D.C. Mayor, Vincent Gray (D), vetoed a bill the second week of February that would have begun reform for small business owners across the city.
An ambitious bill was proposed by At-Large Councilmember Vincent Orange (D),that proposed to reform the Certified Business Enterprise (CBE) program. His bill, the “Small and Certified Business Enterprise Development and Assistance Amendment Act of 2012.”
In a letter to the D.C. Council, the mayor said the final CBE-reform bill is “unworkable” and “falls short of the mark.” The letter further said, “I appreciate that the council’s work here was well intentioned, however, it is critical that we get reform of this important program right.” He said the new system would be difficult to manage and could unwittingly give an advantage to larger companies.
The 28-page bill included an array of changes to the CBE program, including a requirement that 50 percent of the value of major contracts go to certified businesses, up from 35 percent. Additionally, the bill proposed the CBE participation requirement not only on the total dollar value of city construction contracts but also on the individual components of construction contracts — including electrical, plumbing, HVAC, drywall and other trades.
In a statement, after the news of Gray’s veto, Orange said that Gray “caved to non-District based business interests.” The council could move to override the veto, requiring the vote of nine of the council’s 13 members.
Orange’s legislation if passed, would have mandated:
- Contracts under $250,000 set-aside for Certified Business Enterprises (CBE);
- Allow CBE contracts $1 million or less to waive the 35% subcontracting requirement if a CBE company self-performs the entire contract;
- Require 35% CBE utilization across all division codes on a government-assisted construction project for CBE contractors;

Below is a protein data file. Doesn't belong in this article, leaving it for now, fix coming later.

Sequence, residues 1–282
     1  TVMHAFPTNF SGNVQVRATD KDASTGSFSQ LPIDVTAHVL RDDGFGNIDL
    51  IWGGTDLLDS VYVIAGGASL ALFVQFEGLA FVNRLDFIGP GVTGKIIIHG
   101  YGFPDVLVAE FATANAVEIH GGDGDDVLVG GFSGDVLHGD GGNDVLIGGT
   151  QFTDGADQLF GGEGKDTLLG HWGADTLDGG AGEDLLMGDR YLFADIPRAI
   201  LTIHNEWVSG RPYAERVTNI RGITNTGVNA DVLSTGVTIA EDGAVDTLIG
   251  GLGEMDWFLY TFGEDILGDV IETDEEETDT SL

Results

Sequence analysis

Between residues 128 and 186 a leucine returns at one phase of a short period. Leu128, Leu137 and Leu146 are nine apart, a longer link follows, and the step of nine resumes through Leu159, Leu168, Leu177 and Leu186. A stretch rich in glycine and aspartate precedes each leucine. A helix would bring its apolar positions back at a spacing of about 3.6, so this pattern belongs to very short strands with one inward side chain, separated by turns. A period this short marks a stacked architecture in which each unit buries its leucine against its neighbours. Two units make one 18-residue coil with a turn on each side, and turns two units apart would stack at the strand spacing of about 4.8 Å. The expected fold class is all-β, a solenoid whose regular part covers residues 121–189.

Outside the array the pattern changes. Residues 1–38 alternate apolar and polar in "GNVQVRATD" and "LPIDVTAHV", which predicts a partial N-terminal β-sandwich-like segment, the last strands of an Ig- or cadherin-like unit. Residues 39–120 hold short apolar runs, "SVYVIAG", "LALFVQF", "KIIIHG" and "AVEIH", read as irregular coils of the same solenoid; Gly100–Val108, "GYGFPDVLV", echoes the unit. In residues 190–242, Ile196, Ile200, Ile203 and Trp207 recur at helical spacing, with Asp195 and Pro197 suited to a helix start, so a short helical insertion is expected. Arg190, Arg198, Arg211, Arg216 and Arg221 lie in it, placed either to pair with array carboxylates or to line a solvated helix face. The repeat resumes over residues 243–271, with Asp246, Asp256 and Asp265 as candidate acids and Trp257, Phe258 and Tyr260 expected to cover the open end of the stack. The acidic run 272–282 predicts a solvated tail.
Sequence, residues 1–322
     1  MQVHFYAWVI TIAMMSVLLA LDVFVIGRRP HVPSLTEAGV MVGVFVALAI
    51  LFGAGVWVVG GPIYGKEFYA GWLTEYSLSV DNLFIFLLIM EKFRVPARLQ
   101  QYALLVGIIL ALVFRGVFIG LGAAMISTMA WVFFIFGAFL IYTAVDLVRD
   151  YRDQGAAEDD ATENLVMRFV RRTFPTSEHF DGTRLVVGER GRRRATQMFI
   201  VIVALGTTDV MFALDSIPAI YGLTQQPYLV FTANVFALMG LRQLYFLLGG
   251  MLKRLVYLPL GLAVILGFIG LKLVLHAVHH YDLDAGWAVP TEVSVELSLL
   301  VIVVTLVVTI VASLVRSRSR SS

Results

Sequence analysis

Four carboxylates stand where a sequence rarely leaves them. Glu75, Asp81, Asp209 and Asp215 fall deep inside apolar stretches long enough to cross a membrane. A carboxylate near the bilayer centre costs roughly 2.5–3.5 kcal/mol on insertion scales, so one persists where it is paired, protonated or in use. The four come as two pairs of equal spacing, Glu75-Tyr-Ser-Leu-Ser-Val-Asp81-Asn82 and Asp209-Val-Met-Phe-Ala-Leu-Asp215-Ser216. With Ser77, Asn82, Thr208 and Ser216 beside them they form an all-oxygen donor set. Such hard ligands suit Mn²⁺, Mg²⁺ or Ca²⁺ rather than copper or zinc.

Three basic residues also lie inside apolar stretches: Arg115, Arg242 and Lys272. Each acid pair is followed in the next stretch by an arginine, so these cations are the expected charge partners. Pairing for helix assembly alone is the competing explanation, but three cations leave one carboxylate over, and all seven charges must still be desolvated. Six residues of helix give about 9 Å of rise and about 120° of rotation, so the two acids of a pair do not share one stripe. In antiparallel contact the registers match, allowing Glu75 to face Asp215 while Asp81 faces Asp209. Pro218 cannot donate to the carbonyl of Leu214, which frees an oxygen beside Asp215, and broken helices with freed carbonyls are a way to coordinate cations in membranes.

- Require 50% CBE utilization across all division codes on a government-assisted project for non-CBE and non-District based contractors;
- Clarify that CBEs and certified joint ventures who commit fraud shall be subject to fines, penalties, suspension, and debarment;
- Require the Director of the Department of Small & Local Business Development (DSLBD) to determine certification suspension or revocation and to require Office of Administrative Hearings to address appeals from that determination;
- Abolish the Small and Local Business Opportunity Commission;
- Require local business enterprises to maintain offices and perform managerial functions in their principal office located in the District;
- Mandate that only the DSLBD Director may waive or modify subcontracting requirements;
- Clarify that providing false information in response to a bid or proposal or making false statements as to certification status shall be subject to fines and criminal penalties;
- Require all fines, fees and penalties be deposited into the Small Business Development Fund; and,
- More efficient and effective reporting requirements.